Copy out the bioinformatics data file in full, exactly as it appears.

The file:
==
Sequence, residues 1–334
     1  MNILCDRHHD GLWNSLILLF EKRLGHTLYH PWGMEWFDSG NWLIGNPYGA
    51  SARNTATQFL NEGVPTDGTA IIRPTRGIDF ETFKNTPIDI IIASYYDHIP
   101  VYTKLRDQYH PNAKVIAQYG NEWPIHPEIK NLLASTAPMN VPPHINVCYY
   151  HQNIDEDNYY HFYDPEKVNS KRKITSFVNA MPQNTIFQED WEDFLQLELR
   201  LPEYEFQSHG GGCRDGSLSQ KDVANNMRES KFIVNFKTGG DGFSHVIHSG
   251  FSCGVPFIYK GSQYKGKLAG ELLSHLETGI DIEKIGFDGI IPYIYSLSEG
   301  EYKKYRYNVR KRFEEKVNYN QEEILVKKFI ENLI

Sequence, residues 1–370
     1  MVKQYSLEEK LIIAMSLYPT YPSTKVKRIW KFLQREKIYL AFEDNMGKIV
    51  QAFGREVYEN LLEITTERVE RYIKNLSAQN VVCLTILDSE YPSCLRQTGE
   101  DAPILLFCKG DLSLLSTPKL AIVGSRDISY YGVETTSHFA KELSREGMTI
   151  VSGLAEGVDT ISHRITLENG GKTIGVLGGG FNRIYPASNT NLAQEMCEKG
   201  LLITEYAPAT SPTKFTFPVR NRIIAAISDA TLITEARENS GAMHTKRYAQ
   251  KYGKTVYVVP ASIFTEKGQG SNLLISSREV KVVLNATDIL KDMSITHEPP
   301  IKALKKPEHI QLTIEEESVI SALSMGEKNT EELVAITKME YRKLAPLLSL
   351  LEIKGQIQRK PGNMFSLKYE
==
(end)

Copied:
Sequence, residues 1–334
     1  MNILCDRHHD GLWNSLILLF EKRLGHTLYH PWGMEWFDSG NWLIGNPYGA
    51  SARNTATQFL NEGVPTDGTA IIRPTRGIDF ETFKNTPIDI IIASYYDHIP
   101  VYTKLRDQYH PNAKVIAQYG NEWPIHPEIK NLLASTAPMN VPPHINVCYY
   151  HQNIDEDNYY HFYDPEKVNS KRKITSFVNA MPQNTIFQED WEDFLQLELR
   201  LPEYEFQSHG GGCRDGSLSQ KDVANNMRES KFIVNFKTGG DGFSHVIHSG
   251  FSCGVPFIYK GSQYKGKLAG ELLSHLETGI DIEKIGFDGI IPYIYSLSEG
   301  EYKKYRYNVR KRFEEKVNYN QEEILVKKFI ENLI

Sequence, residues 1–370
     1  MVKQYSLEEK LIIAMSLYPT YPSTKVKRIW KFLQREKIYL AFEDNMGKIV
    51  QAFGREVYEN LLEITTERVE RYIKNLSAQN VVCLTILDSE YPSCLRQTGE
   101  DAPILLFCKG DLSLLSTPKL AIVGSRDISY YGVETTSHFA KELSREGMTI
   151  VSGLAEGVDT ISHRITLENG GKTIGVLGGG FNRIYPASNT NLAQEMCEKG
   201  LLITEYAPAT SPTKFTFPVR NRIIAAISDA TLITEARENS GAMHTKRYAQ
   251  KYGKTVYVVP ASIFTEKGQG SNLLISSREV KVVLNATDIL KDMSITHEPP
   301  IKALKKPEHI QLTIEEESVI SALSMGEKNT EELVAITKME YRKLAPLLSL
   351  LEIKGQIQRK PGNMFSLKYE